I think one major element missing from Christianity is the teaching of the Cultural Context of Scripture. Here are a few facts that might change how you read the good old book:
The most common Biblical reason for divorce was childlessness. By the time of the New Testament, the Pharisees were teaching that if a woman did not have a child after ten years, divorce was compulsory.
It was acceptable for childless women to use their servants as surrogate mothers - Sarah and Rachel both did this.
Samaritans are descendants of Ephraim, Manasseh, and Levi. When the Kingdom of Israel was conquered, some of their people were forced to move away and people from other nations were brought in. Intermarriage resulted. Descendants of the tribes from the Kingdom of Judah however, never intermarried and saw themselves as pure. At some point, the Samaritans built for themselves their own place of worship.
The unspoken rule of the New Testament: Don't provoke the Romans!
Households were nothing like modern nuclear families. A household would consist of: The eldest (first born) man and his wife. Any sons would remain home and their wives would come to live with them. Any daughters of age (13-ish) would be promptly married and move out into her husband's home, but any underage daughters would remain home. Any servants would also live with them. Since it was not uncommon to have up to a dozen children, families were large. Some estimates state that the average household was nearly eighty people for wealthier families.
Some 2/3 of the population was a slave owned by their master.
Paul wasn't worried about women dressing provocatively, but putting on a fashion show with expensive clothing and jewelry.
Mary and Joseph didn't travel alone to Bethlehem, they would have brought much of their family with them. Nobody in the ancient world traveled alone if they could possibly help it. Traveling in numbers was the safest option - especially on long, slow journeys.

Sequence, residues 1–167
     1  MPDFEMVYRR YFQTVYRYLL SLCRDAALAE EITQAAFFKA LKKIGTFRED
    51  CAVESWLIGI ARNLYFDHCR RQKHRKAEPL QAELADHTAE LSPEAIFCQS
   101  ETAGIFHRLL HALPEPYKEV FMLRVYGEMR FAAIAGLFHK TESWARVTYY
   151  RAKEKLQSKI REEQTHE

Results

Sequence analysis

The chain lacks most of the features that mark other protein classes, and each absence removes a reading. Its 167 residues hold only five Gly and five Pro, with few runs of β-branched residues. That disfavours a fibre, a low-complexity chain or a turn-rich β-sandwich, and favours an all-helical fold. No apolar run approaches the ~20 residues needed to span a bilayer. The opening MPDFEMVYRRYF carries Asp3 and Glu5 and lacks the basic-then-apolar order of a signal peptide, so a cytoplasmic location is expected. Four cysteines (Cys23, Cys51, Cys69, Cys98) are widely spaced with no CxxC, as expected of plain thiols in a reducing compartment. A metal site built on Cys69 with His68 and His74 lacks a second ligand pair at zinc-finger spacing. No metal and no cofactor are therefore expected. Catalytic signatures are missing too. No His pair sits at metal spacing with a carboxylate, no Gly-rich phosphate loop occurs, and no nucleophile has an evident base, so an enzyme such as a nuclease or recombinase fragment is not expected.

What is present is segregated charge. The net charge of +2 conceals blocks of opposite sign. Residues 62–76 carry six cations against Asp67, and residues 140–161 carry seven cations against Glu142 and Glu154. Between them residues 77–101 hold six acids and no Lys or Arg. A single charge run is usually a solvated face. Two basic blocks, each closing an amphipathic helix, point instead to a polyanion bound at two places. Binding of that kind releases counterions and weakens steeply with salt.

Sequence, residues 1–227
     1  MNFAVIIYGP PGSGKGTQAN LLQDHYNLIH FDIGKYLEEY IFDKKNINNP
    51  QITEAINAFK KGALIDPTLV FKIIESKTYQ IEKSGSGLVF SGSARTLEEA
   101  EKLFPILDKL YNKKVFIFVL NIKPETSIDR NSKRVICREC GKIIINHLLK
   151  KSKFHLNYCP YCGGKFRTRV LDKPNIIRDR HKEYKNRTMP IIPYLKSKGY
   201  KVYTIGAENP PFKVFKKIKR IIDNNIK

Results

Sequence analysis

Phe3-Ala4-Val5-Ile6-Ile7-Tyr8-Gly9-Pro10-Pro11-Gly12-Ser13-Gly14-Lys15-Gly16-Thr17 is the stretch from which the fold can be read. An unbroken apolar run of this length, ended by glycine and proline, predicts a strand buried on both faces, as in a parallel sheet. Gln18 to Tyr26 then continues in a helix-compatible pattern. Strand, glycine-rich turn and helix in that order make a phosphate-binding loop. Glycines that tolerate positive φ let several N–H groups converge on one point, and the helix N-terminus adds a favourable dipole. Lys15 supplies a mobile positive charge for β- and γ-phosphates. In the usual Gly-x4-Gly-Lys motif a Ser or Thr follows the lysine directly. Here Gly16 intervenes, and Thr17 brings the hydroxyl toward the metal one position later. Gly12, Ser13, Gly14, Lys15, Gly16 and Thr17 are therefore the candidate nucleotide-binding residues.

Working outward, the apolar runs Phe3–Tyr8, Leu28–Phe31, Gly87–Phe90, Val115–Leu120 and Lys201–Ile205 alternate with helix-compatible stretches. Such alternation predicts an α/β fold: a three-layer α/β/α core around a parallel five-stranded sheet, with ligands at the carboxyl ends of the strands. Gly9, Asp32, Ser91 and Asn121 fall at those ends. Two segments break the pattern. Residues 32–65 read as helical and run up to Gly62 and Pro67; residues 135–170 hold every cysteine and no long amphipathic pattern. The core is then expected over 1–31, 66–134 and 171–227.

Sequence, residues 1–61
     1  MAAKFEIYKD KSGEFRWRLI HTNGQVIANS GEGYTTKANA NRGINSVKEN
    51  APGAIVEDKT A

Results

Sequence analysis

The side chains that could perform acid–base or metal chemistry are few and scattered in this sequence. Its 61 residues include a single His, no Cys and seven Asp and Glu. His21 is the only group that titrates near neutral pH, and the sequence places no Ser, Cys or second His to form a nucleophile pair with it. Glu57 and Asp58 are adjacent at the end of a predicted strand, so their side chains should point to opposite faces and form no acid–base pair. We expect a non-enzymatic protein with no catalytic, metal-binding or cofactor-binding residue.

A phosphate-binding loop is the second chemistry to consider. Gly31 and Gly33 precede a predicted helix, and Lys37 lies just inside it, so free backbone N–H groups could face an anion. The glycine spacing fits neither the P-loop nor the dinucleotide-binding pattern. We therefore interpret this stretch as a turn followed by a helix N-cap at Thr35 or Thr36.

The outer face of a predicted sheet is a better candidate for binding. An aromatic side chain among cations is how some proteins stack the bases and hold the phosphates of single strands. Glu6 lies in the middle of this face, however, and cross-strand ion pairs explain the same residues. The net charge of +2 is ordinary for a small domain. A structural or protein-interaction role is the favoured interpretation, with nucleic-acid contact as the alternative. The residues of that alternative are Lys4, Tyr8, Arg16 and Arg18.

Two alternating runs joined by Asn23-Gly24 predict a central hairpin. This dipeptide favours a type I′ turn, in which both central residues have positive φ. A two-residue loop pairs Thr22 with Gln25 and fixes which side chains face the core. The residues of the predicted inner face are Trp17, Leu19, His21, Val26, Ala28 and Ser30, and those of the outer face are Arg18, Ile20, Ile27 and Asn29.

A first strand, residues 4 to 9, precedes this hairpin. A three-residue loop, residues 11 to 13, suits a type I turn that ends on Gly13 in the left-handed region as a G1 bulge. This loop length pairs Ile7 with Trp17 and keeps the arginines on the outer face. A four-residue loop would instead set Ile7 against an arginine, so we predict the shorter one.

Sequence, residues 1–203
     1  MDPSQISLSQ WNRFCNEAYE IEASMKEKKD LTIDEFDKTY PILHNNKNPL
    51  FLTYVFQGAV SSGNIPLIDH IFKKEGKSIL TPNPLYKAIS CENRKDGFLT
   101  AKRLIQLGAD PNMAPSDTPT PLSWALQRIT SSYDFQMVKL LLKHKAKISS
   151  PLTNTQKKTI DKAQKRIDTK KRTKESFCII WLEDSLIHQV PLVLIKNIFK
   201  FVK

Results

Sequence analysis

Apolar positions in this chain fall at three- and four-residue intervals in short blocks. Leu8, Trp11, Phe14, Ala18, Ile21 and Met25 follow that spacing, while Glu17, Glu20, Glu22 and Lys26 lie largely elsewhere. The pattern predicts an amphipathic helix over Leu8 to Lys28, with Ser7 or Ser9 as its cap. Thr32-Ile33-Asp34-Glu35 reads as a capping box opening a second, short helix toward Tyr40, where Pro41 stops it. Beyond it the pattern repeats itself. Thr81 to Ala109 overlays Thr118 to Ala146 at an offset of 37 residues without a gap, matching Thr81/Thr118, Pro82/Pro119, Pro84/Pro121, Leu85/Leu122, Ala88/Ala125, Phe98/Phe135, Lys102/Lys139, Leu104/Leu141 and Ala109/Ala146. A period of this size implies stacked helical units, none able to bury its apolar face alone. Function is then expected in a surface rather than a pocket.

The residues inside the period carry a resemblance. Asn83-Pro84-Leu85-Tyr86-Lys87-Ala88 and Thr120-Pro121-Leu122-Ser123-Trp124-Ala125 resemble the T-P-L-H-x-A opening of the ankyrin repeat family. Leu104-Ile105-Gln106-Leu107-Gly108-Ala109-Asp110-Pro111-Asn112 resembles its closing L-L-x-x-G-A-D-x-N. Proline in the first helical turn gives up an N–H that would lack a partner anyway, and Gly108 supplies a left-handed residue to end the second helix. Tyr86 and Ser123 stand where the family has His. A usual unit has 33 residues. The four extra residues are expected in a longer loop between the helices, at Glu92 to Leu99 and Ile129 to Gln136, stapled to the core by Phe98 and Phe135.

The household codes are quite possibly a response to Aristotle's teachings about the politics of the family.
The dynamic of Honor / Shame is important to understanding the full depth of scripture. We don't have any way to relate to that - so we are missing much of what's going on when that is a factor is the story.
We have the Bible from Genesis to Revelation - the people in the Bible were living it. They didn't have it conveniently bound in book form to refer to and teach from.
The New Testament is mostly in order of the longest books first and the shortest books last. It is not in chronological order.
Some words and concepts in Greek don't exist in English - some of the Bible has been lost in translation ... and we don't even know it.
Community was an important aspect to Christianity, individualism could prove dangerous. Scripture speak more to "us / we" than "I / me".
Misreading is all the rage these days, but: "We are likely misreading when our reading of the text requires us to ignore the context, to shorten the text to just this or that verse or part of a verse. We are likely misreading when our reading of the text requires us to lengthen the text, by pulling in verses from other parts of the Bible until we get all the pieces we need."
Our day begins and ends at Midnight, theirs began and ended at sunset.
The Bible is a very cultural books, the New Testament churches weren't writing to Paul to see if they agreed, but to sort out how to be Christians despite their cultural differences. What an Ephesian believer grew up being taught would have been very different from a Roman believer or a Jewish believer of The Way.
The least often asked question about Bible interpretation today is: "What did this passage mean to the original audience?" Because "How does this passage apply to me?" is much more important.